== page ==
Wednesday, August 12, 2015

Ky. clerk ordered to issue marriage licenses turned away a same-sex couple on Thursday morning

UPDATE, Aug. 26: The Sixth Circuit Court of Appeals denied the clerk's request for a stay of the injunction while she appeals it. A three-judge panel of the court found "little or no likelihood that the clerk in her official capacity will prevail on appeal," because "It cannot be defensibly argued that the holder of the Rowan County clerk's office, apart from who personally occupies that office, may decline to act in conformity with the United States Constitution as interpreted by a dispositive holding of the United States Supreme Court." For a Lexington Herald-Leader story, click here.

UPDATE, Aug. 17: The judge refused to grant the stay the clerk requested, but issued a temporary stay until she can appeal his refusal. UPDATE, Aug. 13: Despite a federal injunction, Rowan County Clerk Kim Davis has already turned away at least one same-sex couple trying to obtain a marriage license, Mike Wynn reports for The Courier-Journal. "David Moore, who is trying to marry his partner of 17 years, David Ermold, visited the clerk's office early Thursday, but a deputy clerk told him that the office is still not issuing the forms."

A federal judge in Kentucky has ordered marriage licenses to be issued by a county clerk who stopped issuing them because of her religious objections to the recent Supreme Court ruling legalizing same-sex marriage in all states.

Rowan County Clerk Kim Davis, left, appealed, and her lawyer said he would ask U.S. District Judge David Bunning to stay his order until the appeal could be heard. Davis had already filed suit against Democratic Gov. Steve Beshear, who said after the ruling that clerks were duty-bound to issue marriage licenses despite their religious beliefs. At least three other clerks, in Casey, Clinton and Whitley counties, all in Appalachia, have said they won't issue marriage licenses, but haven't been sued.

Bunning, a son of former Sen. Jim Bunning, R-Ky., said in granting a preliminary injunction against Davis that the state "is not asking her to condone same-sex unions on moral or religious grounds," or restraining her religious activities. "She is even free to believe that marriage is a union between one man and one woman, as many Americans do," Bunning wrote in his 28-page order. He said her objections are sincere, but "Her religious convictions cannot excuse her from performing the duties that she took an oath to perform as Rowan County clerk."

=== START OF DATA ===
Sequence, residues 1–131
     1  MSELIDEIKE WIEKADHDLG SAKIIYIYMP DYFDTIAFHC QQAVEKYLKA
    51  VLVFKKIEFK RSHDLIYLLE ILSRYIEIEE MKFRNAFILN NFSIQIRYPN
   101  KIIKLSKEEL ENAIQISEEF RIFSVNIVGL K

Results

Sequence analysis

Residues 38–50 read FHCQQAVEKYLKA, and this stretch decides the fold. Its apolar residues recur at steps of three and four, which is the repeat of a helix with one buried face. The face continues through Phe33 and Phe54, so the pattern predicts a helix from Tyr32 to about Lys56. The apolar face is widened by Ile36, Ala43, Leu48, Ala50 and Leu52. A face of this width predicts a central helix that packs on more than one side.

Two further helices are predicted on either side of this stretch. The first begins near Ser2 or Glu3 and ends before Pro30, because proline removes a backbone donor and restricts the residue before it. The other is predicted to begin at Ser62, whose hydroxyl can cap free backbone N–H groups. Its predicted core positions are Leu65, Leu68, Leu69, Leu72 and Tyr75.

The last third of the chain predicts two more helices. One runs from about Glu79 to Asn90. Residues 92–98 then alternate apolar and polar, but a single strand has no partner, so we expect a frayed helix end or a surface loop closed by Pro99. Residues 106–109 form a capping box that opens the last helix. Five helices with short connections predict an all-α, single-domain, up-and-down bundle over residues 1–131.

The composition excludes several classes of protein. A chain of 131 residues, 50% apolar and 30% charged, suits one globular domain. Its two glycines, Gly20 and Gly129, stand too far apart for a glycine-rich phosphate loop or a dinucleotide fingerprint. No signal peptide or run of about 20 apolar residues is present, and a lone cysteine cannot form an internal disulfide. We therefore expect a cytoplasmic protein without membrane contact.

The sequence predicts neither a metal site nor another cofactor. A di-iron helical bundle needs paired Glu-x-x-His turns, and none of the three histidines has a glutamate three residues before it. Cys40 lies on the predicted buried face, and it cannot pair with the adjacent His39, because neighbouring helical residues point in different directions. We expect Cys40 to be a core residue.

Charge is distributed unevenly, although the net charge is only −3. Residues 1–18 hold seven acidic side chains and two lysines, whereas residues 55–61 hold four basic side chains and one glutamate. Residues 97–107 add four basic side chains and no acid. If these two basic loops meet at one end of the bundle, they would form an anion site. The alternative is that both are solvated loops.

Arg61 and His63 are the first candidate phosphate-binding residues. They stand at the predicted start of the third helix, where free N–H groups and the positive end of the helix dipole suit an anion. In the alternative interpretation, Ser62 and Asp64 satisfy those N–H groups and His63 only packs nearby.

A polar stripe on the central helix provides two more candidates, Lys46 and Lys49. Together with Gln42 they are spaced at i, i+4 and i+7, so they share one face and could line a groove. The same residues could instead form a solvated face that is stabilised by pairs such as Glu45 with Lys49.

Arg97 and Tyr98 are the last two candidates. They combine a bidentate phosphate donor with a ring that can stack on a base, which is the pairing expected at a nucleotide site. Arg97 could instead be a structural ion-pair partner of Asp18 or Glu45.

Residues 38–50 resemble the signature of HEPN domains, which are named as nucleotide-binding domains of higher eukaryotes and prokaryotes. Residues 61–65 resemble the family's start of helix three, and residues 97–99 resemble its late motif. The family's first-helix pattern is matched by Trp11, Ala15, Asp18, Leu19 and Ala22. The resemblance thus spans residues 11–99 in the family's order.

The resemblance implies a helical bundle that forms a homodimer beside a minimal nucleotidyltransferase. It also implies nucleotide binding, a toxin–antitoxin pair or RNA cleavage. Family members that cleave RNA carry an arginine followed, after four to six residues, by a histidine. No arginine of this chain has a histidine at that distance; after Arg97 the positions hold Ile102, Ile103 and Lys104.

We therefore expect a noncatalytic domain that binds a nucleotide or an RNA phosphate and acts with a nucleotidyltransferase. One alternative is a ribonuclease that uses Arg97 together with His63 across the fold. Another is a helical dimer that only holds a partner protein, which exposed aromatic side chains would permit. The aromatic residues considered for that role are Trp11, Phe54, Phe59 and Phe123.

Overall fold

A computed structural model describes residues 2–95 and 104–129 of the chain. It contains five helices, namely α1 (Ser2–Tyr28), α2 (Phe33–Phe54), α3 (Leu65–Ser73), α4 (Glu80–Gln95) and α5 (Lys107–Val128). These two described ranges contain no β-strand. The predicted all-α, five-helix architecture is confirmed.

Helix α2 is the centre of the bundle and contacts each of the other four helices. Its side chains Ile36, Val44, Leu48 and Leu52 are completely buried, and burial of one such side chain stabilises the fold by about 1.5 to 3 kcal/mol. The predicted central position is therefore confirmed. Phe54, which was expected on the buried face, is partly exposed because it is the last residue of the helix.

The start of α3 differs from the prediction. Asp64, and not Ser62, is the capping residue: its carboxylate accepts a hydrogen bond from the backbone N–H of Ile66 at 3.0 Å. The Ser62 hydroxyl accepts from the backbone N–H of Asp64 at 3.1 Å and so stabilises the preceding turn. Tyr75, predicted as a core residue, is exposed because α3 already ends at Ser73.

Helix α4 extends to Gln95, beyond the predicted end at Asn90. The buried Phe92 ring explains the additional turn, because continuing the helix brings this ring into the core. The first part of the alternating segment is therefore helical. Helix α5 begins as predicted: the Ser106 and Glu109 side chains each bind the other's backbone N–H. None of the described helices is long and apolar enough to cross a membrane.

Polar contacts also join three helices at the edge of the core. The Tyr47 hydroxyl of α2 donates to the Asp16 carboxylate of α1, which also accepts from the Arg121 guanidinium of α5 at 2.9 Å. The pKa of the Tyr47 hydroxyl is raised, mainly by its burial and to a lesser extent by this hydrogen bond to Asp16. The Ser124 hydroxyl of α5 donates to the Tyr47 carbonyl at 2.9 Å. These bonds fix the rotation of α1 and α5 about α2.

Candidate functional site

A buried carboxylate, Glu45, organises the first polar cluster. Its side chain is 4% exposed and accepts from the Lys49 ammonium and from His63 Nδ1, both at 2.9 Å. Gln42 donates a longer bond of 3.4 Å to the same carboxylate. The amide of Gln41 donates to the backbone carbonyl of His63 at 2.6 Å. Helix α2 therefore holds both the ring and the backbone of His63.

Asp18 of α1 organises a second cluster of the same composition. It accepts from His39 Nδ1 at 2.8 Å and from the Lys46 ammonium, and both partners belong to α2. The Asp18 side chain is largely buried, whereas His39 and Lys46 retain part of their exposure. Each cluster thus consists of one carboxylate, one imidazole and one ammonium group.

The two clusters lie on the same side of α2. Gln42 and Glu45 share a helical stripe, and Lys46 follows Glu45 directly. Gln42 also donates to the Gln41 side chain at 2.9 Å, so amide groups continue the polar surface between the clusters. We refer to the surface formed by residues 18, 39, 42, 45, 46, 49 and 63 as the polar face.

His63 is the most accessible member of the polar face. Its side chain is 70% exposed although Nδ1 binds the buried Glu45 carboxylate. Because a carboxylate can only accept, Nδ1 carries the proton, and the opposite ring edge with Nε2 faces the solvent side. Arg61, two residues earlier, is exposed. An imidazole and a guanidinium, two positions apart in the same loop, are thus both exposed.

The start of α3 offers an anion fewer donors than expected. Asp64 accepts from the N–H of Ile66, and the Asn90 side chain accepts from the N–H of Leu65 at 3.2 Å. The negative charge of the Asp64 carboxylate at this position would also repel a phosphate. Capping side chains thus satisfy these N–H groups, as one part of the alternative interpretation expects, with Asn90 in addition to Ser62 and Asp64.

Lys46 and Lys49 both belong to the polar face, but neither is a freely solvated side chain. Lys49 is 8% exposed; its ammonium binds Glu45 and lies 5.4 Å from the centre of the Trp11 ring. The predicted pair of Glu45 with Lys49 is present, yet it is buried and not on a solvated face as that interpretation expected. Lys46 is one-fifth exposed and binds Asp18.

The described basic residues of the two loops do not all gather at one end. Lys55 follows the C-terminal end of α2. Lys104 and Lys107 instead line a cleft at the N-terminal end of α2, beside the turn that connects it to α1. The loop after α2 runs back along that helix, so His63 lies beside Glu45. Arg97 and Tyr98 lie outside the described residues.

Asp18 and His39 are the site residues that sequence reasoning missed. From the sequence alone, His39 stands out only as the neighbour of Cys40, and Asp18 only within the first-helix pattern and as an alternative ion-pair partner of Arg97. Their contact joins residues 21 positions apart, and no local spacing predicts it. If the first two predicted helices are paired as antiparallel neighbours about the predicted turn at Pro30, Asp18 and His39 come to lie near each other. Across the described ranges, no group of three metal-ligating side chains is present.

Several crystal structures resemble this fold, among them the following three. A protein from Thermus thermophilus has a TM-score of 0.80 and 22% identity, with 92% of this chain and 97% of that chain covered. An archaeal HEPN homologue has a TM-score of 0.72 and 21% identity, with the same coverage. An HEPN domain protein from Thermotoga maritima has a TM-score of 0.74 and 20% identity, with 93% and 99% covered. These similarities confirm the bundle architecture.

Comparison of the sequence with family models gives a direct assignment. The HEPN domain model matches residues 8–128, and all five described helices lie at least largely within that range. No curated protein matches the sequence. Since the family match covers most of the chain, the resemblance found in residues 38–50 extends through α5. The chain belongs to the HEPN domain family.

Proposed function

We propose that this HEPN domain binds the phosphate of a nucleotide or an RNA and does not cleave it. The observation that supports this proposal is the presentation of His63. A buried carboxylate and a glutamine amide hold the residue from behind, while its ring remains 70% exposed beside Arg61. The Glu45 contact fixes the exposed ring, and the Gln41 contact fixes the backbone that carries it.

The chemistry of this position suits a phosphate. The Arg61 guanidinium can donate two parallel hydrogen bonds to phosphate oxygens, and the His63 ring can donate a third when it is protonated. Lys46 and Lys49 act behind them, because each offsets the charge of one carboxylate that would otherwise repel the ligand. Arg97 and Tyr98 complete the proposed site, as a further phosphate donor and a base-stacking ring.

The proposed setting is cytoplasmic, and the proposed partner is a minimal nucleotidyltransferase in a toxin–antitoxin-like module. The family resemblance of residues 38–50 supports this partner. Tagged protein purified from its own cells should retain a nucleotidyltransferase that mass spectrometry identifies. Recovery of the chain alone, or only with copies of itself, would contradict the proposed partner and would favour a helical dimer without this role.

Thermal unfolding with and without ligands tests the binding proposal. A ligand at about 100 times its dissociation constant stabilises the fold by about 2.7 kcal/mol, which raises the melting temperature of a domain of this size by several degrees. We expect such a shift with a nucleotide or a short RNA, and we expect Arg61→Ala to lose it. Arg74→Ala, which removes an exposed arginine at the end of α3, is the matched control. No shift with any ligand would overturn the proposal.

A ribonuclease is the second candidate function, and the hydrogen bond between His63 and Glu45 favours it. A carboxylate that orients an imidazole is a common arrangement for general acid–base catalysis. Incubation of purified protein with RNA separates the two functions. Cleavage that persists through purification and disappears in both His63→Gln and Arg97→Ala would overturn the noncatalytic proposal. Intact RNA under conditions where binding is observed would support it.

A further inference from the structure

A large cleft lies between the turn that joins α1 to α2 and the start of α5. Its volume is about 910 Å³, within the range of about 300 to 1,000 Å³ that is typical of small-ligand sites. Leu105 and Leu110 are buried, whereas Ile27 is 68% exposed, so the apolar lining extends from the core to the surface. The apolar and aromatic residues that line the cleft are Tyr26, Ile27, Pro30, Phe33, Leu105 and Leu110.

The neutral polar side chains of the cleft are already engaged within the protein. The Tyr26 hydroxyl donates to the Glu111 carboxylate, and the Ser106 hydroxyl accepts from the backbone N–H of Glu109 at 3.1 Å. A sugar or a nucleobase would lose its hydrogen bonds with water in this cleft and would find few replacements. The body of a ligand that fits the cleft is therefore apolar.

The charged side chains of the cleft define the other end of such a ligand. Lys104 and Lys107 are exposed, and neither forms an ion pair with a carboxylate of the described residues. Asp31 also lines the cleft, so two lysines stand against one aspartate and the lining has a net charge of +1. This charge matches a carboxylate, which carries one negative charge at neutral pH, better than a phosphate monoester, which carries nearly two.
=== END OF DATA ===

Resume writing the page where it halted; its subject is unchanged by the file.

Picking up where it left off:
Bunning ruled in a case filed by the American Civil Liberties Union for two same-sex couples and two opposite-sex couples, alleging Davis violated their constitutional rights. "The couples argue that they live, work and pay taxes in Rowan County and shouldn’t have to drive elsewhere to obtain the paperwork," Mike Wynn reportsfor The Courier-Journal. Bunning noted that seven county seats are less than an hour's drive from Morehead, the seat of Rowan, "but there are individuals in this rural region of the state who simply do not have the physical, financial or practical means to travel." (C-J photo by Wynn)

Noting that "57 of the state’s 120 elected county clerks have asked Governor Beshear to call a special session of the state legislature to address religious concerns related to same-sex marriage licenses," Bunning asked, "What would stop the other 56 clerks from following Davis’ approach?" if he ruled in her favor. "What might be viewed as an inconvenience for residents of one or two counties quickly becomes a substantial interference when applicable to approximately half of the state."

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